Of Lions and Lambs, Apples and Oranges

“Stay with us, O Lord Jesus Christ: Light in our darkness.”   -Taize Community

I light the second Advent candle, and as I look at the two candles now alight, I see their differences; they are no longer the same; one is shorter, farther gone, the other just starting out. The prophetic text for the day (Isaiah 11:1-9) talks about the light that dispels the darkness of different parties- the wolf and lamb, the leopard and kid, the calf, the lamb and fatling, the child and the snake, all in harmony in the Peaceable Kingdom. How often I face darkness in relationships with others, those who have hurt my feelings, those who don’t “get” me, those whom I don’t get either, those whose life, style or way of being seems beyond my ken. How much I need the Advent light to shone on and heal the entangling alliances I have as a human being — family, friends, acquaintances, those encountered in the business of the day, and bring us into harmony!

The illuminated side of human differences is diversity that embroiders and thickens the texture of our relationships. How entertaining and enriching it is to encounter the particularity of each new person we meet! But the dark side of the diversity is the tangled up expectations, the mis-communications, the hurts and slights that plague us when another human being wounds, ignores or betrays us. I love so many people in this world, differences and all. However, much too often I get snarled in reactive and unkind  thinking about people upon whom I had placed hopes and expectations. And the wickets get sticky! It is a challenge for me, the lamb, to be wiling to start all over again to be open to the lion; after all, I was hurt before. I resist another face off between me, the kid, and the leopard whose spots I can never predict. It’s even worse when I have to own that sometimes I am the wolf or the bear, even if I can justify my words and actions in the name of protecting my loved ones, myself, or just because it seems Right!

Isaiah not only describes the tranquil and peaceful relations that characterizes the intended rule of God for which we are waiting and looking, but he describes the Spirit that lights upon the One who comes…wisdom and understanding, counsel and might, knowledge and the fear of the Lord, delight in the awe of God. Maybe that’s the Spirit I need to which I need to attend during Advent dimness… wisdom to understand that one who continually baffles me, insight into the one who continually wounds me, delight in the unique conundrum of a person that has landed in my life for reasons that I don’t comprehend. And for eyes to see that the one who confounds me is a beloved child of God, no matter what he or she seems like to me, for ears to hear the authentic voice beyond the chatter and posture.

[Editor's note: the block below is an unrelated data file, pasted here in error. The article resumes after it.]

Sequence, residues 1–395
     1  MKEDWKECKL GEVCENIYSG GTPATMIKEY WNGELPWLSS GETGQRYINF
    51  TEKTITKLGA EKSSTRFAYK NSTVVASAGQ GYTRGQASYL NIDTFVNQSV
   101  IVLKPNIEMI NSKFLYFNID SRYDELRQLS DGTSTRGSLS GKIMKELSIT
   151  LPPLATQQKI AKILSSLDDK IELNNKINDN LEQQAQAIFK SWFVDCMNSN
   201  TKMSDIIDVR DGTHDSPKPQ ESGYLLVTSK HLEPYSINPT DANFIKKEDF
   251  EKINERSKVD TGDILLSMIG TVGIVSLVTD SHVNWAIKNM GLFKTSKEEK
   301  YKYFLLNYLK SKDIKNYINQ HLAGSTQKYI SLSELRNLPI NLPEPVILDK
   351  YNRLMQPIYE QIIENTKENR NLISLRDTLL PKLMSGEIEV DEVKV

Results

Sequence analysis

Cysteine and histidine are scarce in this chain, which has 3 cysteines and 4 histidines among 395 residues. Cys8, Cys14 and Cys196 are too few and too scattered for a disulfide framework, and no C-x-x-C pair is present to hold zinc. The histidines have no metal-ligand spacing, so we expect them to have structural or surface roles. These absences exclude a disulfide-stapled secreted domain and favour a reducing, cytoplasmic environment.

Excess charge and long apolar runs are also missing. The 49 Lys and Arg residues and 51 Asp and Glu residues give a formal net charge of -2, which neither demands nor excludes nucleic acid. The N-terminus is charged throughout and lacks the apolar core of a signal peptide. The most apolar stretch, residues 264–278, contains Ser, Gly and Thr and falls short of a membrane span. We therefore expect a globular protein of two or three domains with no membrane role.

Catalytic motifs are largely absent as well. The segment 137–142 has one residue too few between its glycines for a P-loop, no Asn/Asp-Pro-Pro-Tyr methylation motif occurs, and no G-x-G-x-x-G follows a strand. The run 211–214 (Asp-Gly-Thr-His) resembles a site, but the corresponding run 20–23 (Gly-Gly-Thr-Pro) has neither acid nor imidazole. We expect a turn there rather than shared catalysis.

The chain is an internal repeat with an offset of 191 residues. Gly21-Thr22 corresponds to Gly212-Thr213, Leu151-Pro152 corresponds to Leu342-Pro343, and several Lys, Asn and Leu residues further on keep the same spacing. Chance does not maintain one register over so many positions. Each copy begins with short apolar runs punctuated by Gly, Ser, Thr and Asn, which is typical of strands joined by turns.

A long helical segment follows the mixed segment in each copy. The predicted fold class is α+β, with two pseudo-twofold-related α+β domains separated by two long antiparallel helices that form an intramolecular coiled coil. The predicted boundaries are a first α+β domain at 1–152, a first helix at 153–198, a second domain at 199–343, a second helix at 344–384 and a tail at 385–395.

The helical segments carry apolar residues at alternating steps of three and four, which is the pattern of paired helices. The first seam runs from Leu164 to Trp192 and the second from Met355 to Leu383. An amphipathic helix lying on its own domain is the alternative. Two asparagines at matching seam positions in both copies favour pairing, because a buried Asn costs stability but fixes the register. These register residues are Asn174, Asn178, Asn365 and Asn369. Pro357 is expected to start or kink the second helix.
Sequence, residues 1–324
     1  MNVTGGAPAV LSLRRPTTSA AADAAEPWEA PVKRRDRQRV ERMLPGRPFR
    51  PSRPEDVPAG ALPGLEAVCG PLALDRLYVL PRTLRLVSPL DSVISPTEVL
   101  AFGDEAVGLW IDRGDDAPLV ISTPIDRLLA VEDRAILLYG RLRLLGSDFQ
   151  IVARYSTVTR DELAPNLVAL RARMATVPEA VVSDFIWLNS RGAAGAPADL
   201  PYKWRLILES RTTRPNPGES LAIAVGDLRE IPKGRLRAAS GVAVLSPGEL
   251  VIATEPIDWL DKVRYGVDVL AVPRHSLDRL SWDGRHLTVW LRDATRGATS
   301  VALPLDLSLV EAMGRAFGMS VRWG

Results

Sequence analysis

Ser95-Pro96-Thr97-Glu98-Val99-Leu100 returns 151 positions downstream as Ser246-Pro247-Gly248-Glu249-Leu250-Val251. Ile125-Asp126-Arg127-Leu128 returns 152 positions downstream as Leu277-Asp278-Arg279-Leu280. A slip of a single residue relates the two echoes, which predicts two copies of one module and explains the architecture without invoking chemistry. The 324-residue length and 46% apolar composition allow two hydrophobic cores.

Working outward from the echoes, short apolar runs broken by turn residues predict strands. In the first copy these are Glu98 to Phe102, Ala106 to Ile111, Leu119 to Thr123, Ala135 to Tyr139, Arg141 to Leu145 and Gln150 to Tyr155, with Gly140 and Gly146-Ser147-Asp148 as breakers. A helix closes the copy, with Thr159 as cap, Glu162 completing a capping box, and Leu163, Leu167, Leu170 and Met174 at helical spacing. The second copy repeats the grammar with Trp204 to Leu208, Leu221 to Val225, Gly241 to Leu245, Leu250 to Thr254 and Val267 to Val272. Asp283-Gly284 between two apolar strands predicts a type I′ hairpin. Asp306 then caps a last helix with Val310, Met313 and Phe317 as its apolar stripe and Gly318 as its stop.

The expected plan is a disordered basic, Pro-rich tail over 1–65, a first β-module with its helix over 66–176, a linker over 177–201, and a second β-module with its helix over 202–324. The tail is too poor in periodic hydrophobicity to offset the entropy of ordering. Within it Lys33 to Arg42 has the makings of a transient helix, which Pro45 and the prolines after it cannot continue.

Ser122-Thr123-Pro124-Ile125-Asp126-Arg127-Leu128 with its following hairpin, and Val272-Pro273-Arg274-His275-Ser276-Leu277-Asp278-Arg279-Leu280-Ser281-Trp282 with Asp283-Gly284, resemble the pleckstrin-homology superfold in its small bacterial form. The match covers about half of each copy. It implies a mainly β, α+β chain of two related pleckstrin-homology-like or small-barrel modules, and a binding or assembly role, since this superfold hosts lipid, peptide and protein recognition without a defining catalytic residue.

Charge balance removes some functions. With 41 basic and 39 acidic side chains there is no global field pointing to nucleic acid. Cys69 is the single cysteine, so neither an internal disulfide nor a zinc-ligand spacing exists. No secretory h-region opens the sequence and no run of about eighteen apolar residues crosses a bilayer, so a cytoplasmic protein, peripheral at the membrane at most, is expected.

With a change of perception by the Spirit, I also need to flex those sinews of willingness to let that knowledge and wisdom lead me to Love. I don’t need to expect change in that other or make myself into the proverbial doormat to be used for mud-scraping, but I do need to be open  to love that other with a Love that is more than I can stir up for myself. It means forgiving, accepting, trusting that in humility I will be held and cared for by the Love that will not let me go. In the dimness it’s hard for me to imagine how that is even possible- lions and lambs, apples and oranges, my nemeses and me, all relaxing and feasting together with the Child that leads us  around in peace and delight together in God’s intended rule?  But I want to look for it, to await it, and to participate in it.

“Stay with us, O Lord Jesus Christ: Light in our darkness.”


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  • Beth Freidline

    Thank you, Elizabeth. Vivid portrayal of thick darkness being penetrated by the blessings of light. Not the instant happening of flicking on our electrical light switches, but the step-by-step, moment-by-moment, year-by-year process of llving by that light from candles we ourselves light in faith — for ourselves and each other. Praying for the continuation of that miracle in each of our lives until that final Bright Morning!

  • http://centerforsacredpsychology.org betsy caprio hedberg

    Dear Elizabeth, How interesting that you parse the animals of Isaiah, knowing that we all have a ways to go before traces of wolf, bear, leopard, lion–even asp–are integrated into our personal Peaceable Kingdoms. The pictures we see of this scene are all so…well, peaceable. And, if these scenes are representations of our inner world’s potentiality (as well as scenes of outer harmony), are they ever achievable in this earthly life? Yet….we have them as an ideal to hold up and in which to delight. Thank you for another spin on lions and lambs and the whole menagerie.

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